Tensions are running higher in the South China Sea as it becomes increasingly evident that China’s land reclamation and military buildup represents a concerted policy by Beijing to carve out a large exclusive economic and strategic domain for itself. The situation could further deteriorate if Beijing decides that with the United States absorbed by a presidential race for the ages, the time is right to further consolidate its hold on the disputed territories. No matter what China’s next steps are, it is important for U.S. policymakers to have an accurate understanding of what Southeast Asian states are willing and not willing to do in solving their territorial disputes with China. This is particularly true in the case of Vietnam.
Vietnam is the most capable and determined Southeast Asian state to challenge China’s claims in the South China Sea. The Vietnamese Navy fought several bloody skirmishes with the PLA over the Spratly Islands, and has been coordinating with other neighboring navies to carry out joint operations near the disputed reefs and shoals. Although China has been more provocative as of late, Vietnam also has a history of carrying out bold moves to stake claims in disputed waters. Lastly, Vietnam’s leaders are less likely to give in to Chinese pressure to abandon multilateral efforts to solve the dispute in favor of one-on-one talks that Beijing could readily dominate.
Vietnam is also home to the Cam Ranh Bay naval base, which is considered one of the best deep-water ports in all of Southeast Asia. The port’s strategic value is further enhanced by an adjacent airport suitable for landing heavy transport planes and strategic bombers. If a major naval power gained permanent access to the base, it would be difficult for any other country to exercise sole control over the South China Sea, even if that country held most of the disputed islands in question.
Cam Ranh’s History
Cam Ranh was used by the French and Japanese navies during their respective periods of colonial rule and occupation. The modern base was built by the U.S. Navy during the Vietnam War. As the war intensified, the base steadily grew in importance. Cam Ranh served as a major logistics hub, a tactical fighter base and the primary location for treating injured U.S. soldiers. Cam Ranh was handed over to the South Vietnamese in 1973 as part of a general U.S. drawdown. Two years later, the base fell to the advancing North Vietnamese army.
Much to the disappointment of the Soviet Union, Vietnam initially declined to lease the base to the Soviet Navy at the end of the Vietnam War. It would take the 1979 Sino-Vietnamese War, and the massive Soviet military airlift to aid the Vietnamese army, for Hanoi to agree to a twenty-five-year lease of Cam Ranh’s facilities to the USSR. The Soviets moved quickly to expand the base, making it the largest Soviet foreign installation outside of eastern Europe. In addition to being a naval hub, Cam Ranh was used for signals intelligence against both the United States and China.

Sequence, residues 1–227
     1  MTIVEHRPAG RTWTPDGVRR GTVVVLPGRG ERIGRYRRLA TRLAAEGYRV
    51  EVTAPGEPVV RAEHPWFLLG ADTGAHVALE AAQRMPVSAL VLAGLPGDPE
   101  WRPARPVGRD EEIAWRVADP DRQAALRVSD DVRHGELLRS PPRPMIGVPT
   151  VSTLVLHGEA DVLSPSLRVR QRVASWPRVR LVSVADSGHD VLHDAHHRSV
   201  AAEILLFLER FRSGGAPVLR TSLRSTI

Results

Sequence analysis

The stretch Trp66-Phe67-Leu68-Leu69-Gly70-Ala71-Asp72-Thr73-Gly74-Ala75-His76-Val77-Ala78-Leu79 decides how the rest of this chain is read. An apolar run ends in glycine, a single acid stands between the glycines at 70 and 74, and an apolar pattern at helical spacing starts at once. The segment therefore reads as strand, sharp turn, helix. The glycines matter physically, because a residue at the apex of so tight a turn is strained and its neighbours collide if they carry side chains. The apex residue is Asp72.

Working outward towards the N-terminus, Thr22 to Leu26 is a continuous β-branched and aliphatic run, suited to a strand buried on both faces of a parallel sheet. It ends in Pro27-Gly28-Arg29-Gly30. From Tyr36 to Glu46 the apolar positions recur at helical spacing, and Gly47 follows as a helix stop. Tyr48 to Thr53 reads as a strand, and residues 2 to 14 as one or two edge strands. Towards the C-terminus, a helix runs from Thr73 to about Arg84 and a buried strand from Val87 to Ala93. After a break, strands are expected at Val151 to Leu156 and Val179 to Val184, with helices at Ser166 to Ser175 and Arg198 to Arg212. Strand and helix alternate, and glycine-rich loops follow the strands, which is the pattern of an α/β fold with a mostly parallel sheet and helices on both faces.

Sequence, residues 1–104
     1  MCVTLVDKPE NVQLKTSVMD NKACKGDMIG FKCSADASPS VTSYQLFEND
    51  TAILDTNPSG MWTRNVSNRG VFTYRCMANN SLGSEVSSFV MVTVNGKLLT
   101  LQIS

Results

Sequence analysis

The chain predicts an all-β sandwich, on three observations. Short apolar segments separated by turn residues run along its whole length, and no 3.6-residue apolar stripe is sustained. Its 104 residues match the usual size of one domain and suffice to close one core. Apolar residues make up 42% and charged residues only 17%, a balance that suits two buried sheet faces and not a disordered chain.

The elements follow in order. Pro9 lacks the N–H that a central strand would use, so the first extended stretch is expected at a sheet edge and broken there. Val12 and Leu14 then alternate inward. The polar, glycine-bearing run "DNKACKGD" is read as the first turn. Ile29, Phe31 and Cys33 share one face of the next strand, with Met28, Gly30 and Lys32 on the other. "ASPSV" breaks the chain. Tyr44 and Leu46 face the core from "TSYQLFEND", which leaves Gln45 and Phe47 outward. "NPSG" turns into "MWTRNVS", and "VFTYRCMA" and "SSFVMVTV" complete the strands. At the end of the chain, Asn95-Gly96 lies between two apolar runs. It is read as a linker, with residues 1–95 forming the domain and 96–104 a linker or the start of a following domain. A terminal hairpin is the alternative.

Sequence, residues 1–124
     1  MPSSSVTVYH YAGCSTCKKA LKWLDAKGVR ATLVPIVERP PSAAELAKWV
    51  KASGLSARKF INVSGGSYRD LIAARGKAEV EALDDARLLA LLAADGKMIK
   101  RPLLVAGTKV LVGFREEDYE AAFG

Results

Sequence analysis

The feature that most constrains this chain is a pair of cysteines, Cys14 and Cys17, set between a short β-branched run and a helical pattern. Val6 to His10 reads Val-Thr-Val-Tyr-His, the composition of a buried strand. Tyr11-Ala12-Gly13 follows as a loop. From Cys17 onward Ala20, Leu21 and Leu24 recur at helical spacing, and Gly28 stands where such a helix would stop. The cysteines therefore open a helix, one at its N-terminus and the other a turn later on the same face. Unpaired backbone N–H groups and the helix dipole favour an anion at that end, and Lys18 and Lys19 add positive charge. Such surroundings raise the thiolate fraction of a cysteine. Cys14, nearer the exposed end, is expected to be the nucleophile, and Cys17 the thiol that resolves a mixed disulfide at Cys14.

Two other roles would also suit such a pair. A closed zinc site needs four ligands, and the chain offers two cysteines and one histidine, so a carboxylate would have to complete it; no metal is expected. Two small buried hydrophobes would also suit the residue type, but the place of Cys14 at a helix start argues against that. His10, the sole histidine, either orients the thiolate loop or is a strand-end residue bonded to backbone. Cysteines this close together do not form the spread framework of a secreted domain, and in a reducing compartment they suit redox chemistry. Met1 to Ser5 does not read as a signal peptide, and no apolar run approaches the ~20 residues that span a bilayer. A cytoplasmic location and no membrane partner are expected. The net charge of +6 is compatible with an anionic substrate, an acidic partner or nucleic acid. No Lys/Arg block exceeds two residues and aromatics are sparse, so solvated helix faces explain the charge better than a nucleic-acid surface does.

After the collapse of the Soviet Union, Russia had little need for Cam Ranh and the base was allowed to fall into a major state of disrepair by the time Russia left it in 2002. Since then, the Vietnamese government modernized the port and has allowed multiple navies to call on Cam Ranh— setting the stage for intense speculation about its future.
The United States
By most metrics, the United States is the frontrunner for regaining base access to Cam Ranh. Since normalizing diplomatic relations with Vietnam in 1995, bilateral economic and security ties have steadily grown in importance. In 2014 the United States relaxed an arms embargo in place since the 1980s, and there is strong support for lifting the ban on selling lethal weapons to Hanoi as well. Despite being bitter Cold War foes, most Vietnamese hold a positive view of the United States. On a strategic level, Vietnam remains suspicious of China’s long-term intentions and sees the United States as an important security partner.
Granting the United States access to Cam Ranh would be a major symbolic affirmation of a budding alliance between Washington and Hanoi, and would neutralize the military value of many of China’s installations in the South China Sea. On the other hand, it would also likely precipitate a serious deterioration in Sino-Vietnamese relations. At the very least, China could impose major economic punishment on Vietnamese businesses. Since the Vietnamese leadership likely believes that U.S.-Chinese relations are on an inexorable path towards greater competition, Vietnam would prefer to be courted by both Washington and Beijing rather than be forced to lean decisively towards the United States. Hanoi also has some residual doubts about the level of U.S. resolve in the South China Sea. Thus, the cost of inviting the United States back to Cam Ranh outweighs the current benefits.